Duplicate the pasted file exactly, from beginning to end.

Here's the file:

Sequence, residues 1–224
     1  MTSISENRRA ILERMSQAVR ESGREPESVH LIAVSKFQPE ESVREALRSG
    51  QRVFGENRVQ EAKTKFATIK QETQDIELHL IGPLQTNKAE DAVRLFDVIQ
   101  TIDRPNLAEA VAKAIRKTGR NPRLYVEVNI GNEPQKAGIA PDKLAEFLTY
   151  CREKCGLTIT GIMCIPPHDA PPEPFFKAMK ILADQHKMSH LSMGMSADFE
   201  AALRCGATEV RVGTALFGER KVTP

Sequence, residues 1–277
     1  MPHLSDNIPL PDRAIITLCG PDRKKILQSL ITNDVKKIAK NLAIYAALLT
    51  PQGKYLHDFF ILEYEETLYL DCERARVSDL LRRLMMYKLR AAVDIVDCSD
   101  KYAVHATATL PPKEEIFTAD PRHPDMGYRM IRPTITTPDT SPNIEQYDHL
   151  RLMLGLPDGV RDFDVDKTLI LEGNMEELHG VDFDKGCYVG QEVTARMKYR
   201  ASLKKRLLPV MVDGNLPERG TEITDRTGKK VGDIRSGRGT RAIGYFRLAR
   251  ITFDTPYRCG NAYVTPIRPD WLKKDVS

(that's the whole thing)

Sequence, residues 1–224
     1  MTSISENRRA ILERMSQAVR ESGREPESVH LIAVSKFQPE ESVREALRSG
    51  QRVFGENRVQ EAKTKFATIK QETQDIELHL IGPLQTNKAE DAVRLFDVIQ
   101  TIDRPNLAEA VAKAIRKTGR NPRLYVEVNI GNEPQKAGIA PDKLAEFLTY
   151  CREKCGLTIT GIMCIPPHDA PPEPFFKAMK ILADQHKMSH LSMGMSADFE
   201  AALRCGATEV RVGTALFGER KVTP

Sequence, residues 1–277
     1  MPHLSDNIPL PDRAIITLCG PDRKKILQSL ITNDVKKIAK NLAIYAALLT
    51  PQGKYLHDFF ILEYEETLYL DCERARVSDL LRRLMMYKLR AAVDIVDCSD
   101  KYAVHATATL PPKEEIFTAD PRHPDMGYRM IRPTITTPDT SPNIEQYDHL
   151  RLMLGLPDGV RDFDVDKTLI LEGNMEELHG VDFDKGCYVG QEVTARMKYR
   201  ASLKKRLLPV MVDGNLPERG TEITDRTGKK VGDIRSGRGT RAIGYFRLAR
   251  ITFDTPYRCG NAYVTPIRPD WLKKDVS